NEC researchers break light speed barrier

In a breakthrough that could pave the way for faster communications systems, researchers at NEC's Research Institute in Princeton, New Jersey, have succeeded in making pulses of light travel 310 times faster than normal.

To come up with their astonishing result, the team measured the time it takes for a pulse of light to travel through a 60 millimeter-long chamber of cesium gas. The pulse traveled through the cesium 310 times faster than it would have traveled through a vacuum, the researchers said. This made it appear, in our frame of reference, to have left the chamber even before it entered.

Full details of the work by NEC research scientists Dr. Lijun Wang, Dr. Alexander Kuzmich and Dr. Arthur Dogariu appear in the July 20 edition of the scientific journal Nature.

The unusual phenomenon is the result of something called anomalous dispersion. The effect is created by the cesium gas, which causes the many waves of light that make up the pulse to be modified. Inside the cesium-filled chamber short wavelength light becomes long wavelength and vice versa, enabling the light waves to "re-phase" and appear as a pulse of light at a distant point.

"Our experiment is not at odds with Einstein's (theory of) special relativity," said the researchers in their statement. "The experiment can be well explained using existing physics theories that are consistent with relativity. In fact, the experiment was designed based on calculations using existing physics theories. However our experiment does show the generally held misconception 'nothing can move faster than the speed of light' is wrong." This assumption, they said, only applies to things with mass but as light has no mass, it is not limited by its speed in a vacuum.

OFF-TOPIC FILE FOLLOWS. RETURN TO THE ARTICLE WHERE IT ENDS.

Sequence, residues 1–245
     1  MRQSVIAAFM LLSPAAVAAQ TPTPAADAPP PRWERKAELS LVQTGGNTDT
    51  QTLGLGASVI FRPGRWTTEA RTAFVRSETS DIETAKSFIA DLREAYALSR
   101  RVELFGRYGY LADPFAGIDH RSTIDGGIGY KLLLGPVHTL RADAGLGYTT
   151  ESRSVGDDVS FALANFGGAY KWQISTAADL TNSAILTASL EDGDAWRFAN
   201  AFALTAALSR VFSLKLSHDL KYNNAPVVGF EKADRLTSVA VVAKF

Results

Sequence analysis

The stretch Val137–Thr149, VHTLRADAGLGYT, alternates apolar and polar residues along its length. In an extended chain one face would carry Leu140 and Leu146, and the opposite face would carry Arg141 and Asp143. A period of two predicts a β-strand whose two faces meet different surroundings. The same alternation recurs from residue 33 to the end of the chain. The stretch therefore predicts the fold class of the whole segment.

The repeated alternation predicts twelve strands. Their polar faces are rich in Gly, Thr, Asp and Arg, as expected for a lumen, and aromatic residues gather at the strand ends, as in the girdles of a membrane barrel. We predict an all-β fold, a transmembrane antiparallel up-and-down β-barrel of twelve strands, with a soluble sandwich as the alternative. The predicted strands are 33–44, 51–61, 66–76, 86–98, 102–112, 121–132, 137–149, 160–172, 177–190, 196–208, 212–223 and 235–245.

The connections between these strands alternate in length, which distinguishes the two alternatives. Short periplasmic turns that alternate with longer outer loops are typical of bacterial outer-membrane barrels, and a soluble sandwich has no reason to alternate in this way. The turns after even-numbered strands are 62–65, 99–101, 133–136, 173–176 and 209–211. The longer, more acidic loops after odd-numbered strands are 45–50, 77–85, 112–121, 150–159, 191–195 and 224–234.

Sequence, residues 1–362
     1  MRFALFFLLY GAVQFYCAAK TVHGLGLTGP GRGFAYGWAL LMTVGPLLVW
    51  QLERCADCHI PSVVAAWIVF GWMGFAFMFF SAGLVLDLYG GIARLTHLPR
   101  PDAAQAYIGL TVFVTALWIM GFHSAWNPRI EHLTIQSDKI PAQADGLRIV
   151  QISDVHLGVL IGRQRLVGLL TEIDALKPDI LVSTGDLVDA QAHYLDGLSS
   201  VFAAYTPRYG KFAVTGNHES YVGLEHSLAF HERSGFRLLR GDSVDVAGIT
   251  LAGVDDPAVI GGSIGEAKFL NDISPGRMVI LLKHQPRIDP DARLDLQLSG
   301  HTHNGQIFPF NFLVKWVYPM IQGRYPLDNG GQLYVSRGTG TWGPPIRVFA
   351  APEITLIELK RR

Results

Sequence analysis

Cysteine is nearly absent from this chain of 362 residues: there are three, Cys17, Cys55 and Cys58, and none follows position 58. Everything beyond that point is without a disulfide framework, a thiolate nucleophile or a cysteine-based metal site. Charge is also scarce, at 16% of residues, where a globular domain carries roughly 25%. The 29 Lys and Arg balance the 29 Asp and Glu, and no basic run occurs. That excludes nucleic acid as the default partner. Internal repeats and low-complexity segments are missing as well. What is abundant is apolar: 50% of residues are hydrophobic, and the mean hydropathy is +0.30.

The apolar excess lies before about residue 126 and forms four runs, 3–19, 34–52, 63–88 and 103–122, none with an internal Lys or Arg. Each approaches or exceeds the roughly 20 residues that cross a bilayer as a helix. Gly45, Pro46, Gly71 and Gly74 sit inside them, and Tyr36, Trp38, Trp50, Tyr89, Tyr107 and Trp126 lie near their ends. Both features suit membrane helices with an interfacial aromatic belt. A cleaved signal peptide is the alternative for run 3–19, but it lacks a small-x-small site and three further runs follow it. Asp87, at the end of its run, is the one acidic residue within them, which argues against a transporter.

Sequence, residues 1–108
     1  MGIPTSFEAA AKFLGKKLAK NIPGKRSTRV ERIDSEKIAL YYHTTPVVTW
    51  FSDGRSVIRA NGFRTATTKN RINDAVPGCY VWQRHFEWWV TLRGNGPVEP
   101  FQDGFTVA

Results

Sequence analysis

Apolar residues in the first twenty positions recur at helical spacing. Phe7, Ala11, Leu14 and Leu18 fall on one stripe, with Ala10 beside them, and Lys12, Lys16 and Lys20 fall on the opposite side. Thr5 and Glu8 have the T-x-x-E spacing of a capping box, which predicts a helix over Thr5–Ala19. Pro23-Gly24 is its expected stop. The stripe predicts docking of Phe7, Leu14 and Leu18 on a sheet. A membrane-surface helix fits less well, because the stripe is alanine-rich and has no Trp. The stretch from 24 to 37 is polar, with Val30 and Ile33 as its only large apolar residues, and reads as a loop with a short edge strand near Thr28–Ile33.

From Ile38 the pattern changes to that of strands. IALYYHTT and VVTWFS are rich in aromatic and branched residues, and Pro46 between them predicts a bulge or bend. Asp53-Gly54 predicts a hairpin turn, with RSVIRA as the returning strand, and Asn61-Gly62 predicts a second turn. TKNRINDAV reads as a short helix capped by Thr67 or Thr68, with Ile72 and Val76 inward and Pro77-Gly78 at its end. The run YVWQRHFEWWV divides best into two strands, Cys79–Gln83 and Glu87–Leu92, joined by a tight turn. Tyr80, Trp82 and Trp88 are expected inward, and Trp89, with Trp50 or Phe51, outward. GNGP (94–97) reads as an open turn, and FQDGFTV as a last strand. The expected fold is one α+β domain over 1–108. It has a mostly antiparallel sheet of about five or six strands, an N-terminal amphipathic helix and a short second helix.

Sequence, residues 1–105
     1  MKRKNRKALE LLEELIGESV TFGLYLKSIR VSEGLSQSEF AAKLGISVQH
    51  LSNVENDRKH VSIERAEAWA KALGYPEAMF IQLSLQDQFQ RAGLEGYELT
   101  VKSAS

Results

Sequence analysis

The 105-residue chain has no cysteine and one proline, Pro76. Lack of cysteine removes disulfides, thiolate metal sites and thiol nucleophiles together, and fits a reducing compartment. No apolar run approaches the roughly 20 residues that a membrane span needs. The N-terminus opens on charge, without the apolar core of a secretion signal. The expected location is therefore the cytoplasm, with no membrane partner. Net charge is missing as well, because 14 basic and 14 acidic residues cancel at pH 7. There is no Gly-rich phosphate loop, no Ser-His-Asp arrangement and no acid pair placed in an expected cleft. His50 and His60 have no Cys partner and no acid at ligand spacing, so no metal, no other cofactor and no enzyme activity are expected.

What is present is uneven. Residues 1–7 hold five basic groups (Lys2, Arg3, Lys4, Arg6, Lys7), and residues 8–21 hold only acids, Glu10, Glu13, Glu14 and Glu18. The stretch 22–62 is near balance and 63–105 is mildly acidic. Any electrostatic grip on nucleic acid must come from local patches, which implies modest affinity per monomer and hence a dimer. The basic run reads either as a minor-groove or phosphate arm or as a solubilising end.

How the experiment might be applied in the real world is still under study but the researchers did offer some hints at what the likely benefits might be. "Using this effect, one might be able to increase information transfer at speeds up to 'c' (the speed of light in a vacuum). In present day technology, information is transmitted at speeds far slower than 'c' in most cases such as through the Internet and inside a computer."

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